Woman sentenced to 10 years in husband’s shooting death
Published 3:00 pm Thursday, August 20, 2020
Sarah Farmer will spend 10 years in prison for killing her husband.
That word came from a Wednesday appearance in Bell County Circuit Court for Farmer, who was arrested in January of 2018 for the 2016 murder of her husband.
Eddie Farmer Jr. was allegedly shot inside a car in a wooded area. According to file reports fromThe Middlesboro Daily News, Sarah Farmer called 911 and drove her husband to Pineville Community Hospital, where he was pronounced dead on Sept. 12, 2016.
Sarah Farmer was originally charged with murder and entered a not guilty plea. Court records indicate that she chose to withdraw that plea and enter a plea of guilty to the charge of manslaughter in the first degree under an amended indictment. She appeared in court on Aug. 5, represented by Ron Findell. Sentencing was postponed at that time by the court to allow for the preparation of a pre-sentence investigative report.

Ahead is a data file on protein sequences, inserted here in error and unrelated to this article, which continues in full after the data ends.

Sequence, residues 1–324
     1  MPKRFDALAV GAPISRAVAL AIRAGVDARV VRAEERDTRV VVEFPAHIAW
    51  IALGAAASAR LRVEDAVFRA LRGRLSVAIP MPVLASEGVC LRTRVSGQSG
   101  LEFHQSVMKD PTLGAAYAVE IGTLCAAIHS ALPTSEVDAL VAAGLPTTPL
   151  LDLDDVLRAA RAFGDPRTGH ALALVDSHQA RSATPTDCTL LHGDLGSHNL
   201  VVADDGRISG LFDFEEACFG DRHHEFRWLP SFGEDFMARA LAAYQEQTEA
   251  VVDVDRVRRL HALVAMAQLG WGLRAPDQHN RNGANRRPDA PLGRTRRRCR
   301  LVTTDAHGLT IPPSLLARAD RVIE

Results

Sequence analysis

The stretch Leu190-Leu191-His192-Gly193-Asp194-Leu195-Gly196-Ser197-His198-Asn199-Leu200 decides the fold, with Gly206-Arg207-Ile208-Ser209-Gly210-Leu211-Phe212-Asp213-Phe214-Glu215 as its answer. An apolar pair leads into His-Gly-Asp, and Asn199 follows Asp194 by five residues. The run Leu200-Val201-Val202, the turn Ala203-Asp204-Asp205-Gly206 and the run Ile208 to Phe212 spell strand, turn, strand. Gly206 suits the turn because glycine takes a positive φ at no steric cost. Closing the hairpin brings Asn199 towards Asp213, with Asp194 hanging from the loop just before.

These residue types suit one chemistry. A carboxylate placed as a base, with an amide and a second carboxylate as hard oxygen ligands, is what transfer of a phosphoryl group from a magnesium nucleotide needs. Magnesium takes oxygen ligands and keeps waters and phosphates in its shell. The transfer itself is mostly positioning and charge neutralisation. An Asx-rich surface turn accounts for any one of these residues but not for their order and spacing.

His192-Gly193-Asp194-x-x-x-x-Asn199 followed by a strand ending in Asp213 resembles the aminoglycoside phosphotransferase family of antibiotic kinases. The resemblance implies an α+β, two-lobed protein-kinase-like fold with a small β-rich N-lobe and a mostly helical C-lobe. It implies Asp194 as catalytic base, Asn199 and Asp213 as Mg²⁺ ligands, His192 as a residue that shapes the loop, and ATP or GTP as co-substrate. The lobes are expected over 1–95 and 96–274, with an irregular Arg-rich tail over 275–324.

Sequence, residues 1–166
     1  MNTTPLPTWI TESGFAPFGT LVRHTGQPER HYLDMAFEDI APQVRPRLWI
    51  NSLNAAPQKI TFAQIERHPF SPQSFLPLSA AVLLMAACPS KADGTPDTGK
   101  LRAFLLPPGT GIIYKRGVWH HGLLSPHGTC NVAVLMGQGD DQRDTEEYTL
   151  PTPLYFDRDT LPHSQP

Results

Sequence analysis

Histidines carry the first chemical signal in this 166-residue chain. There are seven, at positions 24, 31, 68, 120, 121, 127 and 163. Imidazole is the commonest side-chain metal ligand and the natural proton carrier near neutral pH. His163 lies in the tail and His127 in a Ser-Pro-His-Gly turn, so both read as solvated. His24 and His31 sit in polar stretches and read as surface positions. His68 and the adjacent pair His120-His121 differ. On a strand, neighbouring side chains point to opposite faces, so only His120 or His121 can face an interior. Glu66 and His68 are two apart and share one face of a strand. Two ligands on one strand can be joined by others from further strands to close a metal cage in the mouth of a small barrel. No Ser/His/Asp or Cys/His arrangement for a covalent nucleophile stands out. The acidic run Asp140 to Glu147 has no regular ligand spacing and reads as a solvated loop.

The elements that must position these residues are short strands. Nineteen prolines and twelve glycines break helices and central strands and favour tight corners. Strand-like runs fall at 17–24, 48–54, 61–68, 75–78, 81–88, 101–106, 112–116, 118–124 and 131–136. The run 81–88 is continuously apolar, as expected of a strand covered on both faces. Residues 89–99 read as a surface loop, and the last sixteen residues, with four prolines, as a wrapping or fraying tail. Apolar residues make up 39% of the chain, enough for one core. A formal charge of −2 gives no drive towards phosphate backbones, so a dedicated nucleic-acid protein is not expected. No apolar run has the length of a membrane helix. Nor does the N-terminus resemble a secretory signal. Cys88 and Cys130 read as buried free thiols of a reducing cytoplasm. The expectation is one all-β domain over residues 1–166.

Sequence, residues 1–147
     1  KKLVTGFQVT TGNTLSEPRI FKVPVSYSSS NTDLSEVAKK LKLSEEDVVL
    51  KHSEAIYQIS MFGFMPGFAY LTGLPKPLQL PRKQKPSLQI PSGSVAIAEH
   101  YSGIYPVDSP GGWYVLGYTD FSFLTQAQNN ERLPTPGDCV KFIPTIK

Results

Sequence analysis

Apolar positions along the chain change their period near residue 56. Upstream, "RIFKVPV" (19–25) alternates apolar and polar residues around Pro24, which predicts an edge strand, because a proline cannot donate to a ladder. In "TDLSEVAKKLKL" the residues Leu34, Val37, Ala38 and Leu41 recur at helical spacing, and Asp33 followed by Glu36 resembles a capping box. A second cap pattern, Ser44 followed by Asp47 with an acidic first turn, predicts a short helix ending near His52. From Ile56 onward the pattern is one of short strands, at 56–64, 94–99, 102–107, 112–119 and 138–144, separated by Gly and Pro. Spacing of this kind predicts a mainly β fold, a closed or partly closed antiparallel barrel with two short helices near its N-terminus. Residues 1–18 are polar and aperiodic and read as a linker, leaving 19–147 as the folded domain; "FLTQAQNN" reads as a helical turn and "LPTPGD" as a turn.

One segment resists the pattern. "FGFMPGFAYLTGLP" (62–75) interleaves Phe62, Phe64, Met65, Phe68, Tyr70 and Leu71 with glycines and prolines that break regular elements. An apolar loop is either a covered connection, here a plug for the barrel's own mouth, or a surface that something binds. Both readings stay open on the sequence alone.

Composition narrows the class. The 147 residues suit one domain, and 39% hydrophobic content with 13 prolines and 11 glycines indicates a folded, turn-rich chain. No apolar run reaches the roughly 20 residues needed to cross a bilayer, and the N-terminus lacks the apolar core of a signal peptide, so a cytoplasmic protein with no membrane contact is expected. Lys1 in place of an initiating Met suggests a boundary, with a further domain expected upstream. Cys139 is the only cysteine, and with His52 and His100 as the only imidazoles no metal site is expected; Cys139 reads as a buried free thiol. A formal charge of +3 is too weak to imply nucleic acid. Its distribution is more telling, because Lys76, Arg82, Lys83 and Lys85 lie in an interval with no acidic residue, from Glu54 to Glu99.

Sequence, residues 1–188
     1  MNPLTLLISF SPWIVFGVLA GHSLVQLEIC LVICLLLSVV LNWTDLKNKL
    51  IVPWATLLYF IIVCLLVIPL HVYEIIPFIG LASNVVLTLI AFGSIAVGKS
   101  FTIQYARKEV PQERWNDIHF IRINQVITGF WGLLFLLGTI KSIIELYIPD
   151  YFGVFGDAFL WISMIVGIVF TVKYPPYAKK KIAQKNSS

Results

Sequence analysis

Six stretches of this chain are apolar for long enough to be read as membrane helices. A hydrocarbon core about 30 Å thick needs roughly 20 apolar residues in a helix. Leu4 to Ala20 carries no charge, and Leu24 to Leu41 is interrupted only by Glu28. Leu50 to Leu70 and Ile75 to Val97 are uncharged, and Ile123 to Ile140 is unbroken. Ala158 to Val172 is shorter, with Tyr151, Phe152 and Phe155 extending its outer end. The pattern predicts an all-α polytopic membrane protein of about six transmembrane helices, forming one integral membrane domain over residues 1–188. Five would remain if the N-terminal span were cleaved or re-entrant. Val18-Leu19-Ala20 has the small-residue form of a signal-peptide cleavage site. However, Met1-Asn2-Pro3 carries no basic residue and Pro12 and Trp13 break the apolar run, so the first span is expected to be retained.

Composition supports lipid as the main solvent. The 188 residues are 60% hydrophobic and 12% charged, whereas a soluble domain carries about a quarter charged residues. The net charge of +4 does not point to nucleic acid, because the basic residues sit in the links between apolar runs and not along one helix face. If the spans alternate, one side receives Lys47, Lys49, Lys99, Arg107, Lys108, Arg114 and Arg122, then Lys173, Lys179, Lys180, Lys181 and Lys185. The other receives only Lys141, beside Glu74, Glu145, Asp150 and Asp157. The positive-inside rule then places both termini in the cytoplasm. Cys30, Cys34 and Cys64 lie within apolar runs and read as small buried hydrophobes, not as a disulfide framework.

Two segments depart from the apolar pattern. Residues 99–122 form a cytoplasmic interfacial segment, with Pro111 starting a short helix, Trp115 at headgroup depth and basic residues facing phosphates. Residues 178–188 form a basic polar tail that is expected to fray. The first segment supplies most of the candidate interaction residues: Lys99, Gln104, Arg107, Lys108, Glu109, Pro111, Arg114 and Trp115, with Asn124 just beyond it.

On Wednesday, Aug. 19, Sarah Farmer was furnished with that investigative report, which was prepared by the Division of Probation and Parole, and after review by the parties, there were no major exceptions to the report.
The court considered the possibility of probation, probation with an alternative sentencing plan, or conditional discharge, according to court documents. After due consideration of the nature of the circumstances of the crime and the history, character, and condition of the defendant, the court stated that it is of the opinion that imprisonment is necessary for the protection of the public because there is substantial risk that the defendant will commit another crime. Records also indicated that any other disposition of the case would unduly depreciate the seriousness of the defendant’s crime.
Commonwealth’s Attorney Karen Greene Blondell recommended a sentence of 10 years. Eddie Farmer Jr.’s family members were on hand for the court proceedings and
“Based on the evidence, and with the full agreement and authorization of the victim’s family, it was agreed that that was an appropriate charge and an appropriate penalty,” Blondell said.
She added that Farmer will be required to serve at least 85% of her sentence before possibly being eligible for parole.
Findell could not be reached for comment as of press time.